Gamez recently qualified for deferred action status under the new government policy instituted last year, and plans to become a lawyer.
“They can now drive, they can work and they can get the nine numbers that unlock a successful future,” Reid said. “But Blanca’s future — and the future of 800,000 young Dreamers — will remain uncertain until Congress passes commonsense immigration reform. President Obama’s directive is only a temporary solution.”
Maria and Jorge Espinoza
Maria and Jorge Espinoza had a close call a few years ago. Immigration officials came to their door at 6 a.m. They put Jorge in handcuffs. And for a month, he spent time in a detention center — immigration’s jail.
“He was not a criminal. He works hard, pays his taxes and he is a good father and a good husband,” Reid said. “But Jorge is in the country without the proper immigration paperwork.”
Maria, also an undocumented immigrant from Mexico who also had a deportation order against her, managed to avoid the same arrest because someone had to stay home to take care of their teenage daughter, who is a U.S. citizen.
“Maria and Jorge were basically able to secure a stay of deportation, but they live with the fear that they will be torn away from their family and deported to a country they have not set foot in in 25 years,” Reid said.
The couple live in Las Vegas and have two daughters, a son and an infant grandson and countless friends and family. In Mexico, Reid said, they have only one really old relative, and know no one else — the result of having been in the U.S. for 25 years.
The Espinozas’ relatives, including their children, all have legal status in the United States. But that is part of what makes deportation seem so devastating.
“When you lose your mother or your father, you are an orphan. When you lose your husband, you are a widow,” Reid quoted Maria Espinoza as saying. “What do they call it when you lose a child, when you are separated from a child? There is no name for that.”
“It is crucial that Congress pass this bipartisan legislation to protect and preserve families,” Reid said. “We need to do it right now…it is personal to Maria and Jorge. It is personal to 11 million other undocumented immigrants and tens of millions of their U.S. citizen relatives, whose eyes are turned toward Washington.”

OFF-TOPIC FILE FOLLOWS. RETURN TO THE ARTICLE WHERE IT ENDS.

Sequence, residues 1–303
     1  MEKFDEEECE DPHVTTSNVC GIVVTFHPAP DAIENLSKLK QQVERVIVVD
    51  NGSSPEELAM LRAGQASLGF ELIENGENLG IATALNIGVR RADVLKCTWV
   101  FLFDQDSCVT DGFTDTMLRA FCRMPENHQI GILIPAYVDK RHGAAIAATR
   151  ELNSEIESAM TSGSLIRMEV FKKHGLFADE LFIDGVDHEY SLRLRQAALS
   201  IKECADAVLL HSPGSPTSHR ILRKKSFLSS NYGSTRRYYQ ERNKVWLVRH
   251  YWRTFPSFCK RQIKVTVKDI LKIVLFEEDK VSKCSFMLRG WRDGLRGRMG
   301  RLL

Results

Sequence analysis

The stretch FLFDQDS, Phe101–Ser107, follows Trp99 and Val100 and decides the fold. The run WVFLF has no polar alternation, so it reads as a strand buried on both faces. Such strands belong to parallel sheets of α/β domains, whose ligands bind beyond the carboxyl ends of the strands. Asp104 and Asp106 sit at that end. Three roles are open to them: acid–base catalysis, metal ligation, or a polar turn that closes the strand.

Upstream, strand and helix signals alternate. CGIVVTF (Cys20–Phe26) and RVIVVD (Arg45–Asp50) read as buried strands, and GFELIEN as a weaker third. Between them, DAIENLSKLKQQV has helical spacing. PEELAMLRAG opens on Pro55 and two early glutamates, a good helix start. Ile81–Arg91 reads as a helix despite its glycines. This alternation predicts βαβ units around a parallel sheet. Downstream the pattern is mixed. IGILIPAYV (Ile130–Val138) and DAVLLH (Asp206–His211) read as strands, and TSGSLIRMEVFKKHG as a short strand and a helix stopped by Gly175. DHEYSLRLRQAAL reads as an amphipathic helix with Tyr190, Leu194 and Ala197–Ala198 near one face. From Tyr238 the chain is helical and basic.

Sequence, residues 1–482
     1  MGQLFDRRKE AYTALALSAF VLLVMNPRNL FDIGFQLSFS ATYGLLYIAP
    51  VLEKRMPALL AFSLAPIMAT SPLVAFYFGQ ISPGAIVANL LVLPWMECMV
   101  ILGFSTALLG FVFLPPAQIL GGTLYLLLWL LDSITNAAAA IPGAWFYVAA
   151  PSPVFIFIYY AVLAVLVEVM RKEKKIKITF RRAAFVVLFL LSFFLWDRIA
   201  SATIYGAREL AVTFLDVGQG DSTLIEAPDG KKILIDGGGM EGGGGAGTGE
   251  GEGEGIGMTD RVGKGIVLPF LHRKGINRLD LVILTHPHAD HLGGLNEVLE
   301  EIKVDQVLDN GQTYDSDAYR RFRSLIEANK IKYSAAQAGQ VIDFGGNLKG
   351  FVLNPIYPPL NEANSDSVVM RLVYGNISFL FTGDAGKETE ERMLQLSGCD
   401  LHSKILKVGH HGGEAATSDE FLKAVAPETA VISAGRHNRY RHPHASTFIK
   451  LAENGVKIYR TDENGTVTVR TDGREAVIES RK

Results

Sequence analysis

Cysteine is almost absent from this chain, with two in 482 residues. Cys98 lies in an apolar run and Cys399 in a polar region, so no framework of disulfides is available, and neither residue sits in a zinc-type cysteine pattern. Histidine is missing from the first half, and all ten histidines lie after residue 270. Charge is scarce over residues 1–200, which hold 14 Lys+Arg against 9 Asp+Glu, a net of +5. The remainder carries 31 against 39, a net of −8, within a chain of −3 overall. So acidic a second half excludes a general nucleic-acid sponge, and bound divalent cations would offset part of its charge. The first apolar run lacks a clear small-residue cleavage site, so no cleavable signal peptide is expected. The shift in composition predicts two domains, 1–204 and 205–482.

When Reid talks about immigration reform, he always reminds that it is a personal matter. And when he gets personal about immigration reform, he always returns to two individuals: His father-in-law, Israel Goldfarb, and his favorite undocumented immigrant friend, Astrid Silva.
“Astrid doesn’t remember Mexico, the country where she was born. But she does remember the day she left it behind,” Reid said in a floor speech just prior to the Senate’s final immigration vote. He recalled how a 4-year-old Silva had come to the U.S. in a frilly dress and patent leather shoes, crying because she was told she could only take her baptism cross and a doll for the trip across the Rio Grande.
Silva missed out on travel, driving and the chance to go to school out of state because of her status. But when she had to miss her grandmother’s funeral in Mexico, for fear of being caught by the authorities, she went from being an immigrant in the shadows to an activist out in the open.
“It was time to come out of the shadows and share her story,” Reid said. “So she spoke up. She told her story. And she gave me the first of many heartfelt letters, cards and notes.
“I have appreciated every one,” Reid said. “They are a reminder of what is at stake in this debate — a debate that involves our neighbors, friends and relatives.”